In the press and in popular culture, art theft and art forgery tend to be linked, and are often glamorized to a greater or lesser extent.1 The reality, however, is usually far more mundane, if not outright seedy (although efforts at recovery often have admirable, even >heroic overtones). In recent years, there have been several highly-publicized instances of forgery, including the sales of fake works by modern masters like Mark Rothko and Jackson Pollock that brought down the eminent Knoedler Gallery, and the extraordinarily successful fakes of the German painter Wolfgang Beltracchi, who after his fraud was disclosed, became the subject of many press articles, newscasts, and even a documentary, “Beltracchi: The Art of Forgery” (2014).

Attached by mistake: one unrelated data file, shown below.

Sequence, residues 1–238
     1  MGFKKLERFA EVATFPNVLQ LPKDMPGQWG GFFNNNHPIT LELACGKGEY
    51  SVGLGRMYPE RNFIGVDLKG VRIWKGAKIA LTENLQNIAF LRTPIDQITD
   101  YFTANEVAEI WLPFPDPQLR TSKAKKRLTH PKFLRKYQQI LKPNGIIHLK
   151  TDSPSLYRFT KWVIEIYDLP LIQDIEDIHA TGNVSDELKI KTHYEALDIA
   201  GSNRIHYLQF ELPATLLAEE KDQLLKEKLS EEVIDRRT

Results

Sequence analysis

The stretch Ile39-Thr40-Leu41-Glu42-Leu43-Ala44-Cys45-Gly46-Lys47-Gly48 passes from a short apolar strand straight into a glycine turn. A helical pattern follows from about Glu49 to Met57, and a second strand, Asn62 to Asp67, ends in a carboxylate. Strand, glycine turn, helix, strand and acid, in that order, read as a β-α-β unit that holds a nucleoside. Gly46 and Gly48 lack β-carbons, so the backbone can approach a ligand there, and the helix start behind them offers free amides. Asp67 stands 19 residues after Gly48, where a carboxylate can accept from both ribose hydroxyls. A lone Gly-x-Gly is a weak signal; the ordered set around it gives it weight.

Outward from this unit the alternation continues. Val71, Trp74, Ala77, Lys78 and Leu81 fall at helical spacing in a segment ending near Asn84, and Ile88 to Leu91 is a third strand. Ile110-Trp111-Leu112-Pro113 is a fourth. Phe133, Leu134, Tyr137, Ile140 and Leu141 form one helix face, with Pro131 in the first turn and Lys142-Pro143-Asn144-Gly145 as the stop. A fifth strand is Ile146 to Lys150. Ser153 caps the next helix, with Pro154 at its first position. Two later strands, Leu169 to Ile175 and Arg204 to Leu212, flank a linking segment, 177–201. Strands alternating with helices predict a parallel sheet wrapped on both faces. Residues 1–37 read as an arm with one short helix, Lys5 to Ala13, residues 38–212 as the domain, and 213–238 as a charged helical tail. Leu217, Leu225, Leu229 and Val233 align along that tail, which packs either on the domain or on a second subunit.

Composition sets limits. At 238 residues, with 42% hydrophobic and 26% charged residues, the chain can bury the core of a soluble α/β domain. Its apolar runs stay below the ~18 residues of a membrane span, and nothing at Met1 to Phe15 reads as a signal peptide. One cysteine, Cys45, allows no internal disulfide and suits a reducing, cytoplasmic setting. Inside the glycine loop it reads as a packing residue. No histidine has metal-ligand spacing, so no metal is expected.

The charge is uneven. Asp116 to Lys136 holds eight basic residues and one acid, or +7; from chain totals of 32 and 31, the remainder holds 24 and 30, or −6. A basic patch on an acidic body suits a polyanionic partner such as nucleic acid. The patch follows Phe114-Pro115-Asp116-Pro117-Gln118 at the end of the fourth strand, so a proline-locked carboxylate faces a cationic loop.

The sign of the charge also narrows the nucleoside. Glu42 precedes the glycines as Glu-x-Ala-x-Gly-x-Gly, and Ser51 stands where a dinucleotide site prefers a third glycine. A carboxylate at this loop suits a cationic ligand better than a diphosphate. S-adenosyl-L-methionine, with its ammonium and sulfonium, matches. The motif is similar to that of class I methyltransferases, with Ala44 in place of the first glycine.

Unlike art thieves, however, art forgers and art fakers sometimes go on to a secondary career as fake-artists in their own right, enjoying a kind of glamorous notoriety, as Beltracchi has done. But Beltracchi is not alone in this. John Myatt now sells his “legitimate fakes,” Others have included Elmyr de Hory, Eric Hebborn, whose posthumous reputation as a master forger resulted in a recent auction of a number of his drawings in the style of old masters, and Mark Landis, who, somewhat uniquely, donated his faked works to museums. Perhaps the most famous forger was Hans van Meegeran, who forged Vermeers in pre-war Germany, selling one to Hermann Goering. Fakes and forgeries are even not infrequently the subject of exhibitions highlighting the forger’s own art. Some commentators have even suggested that fakes may be “the great art of our age.”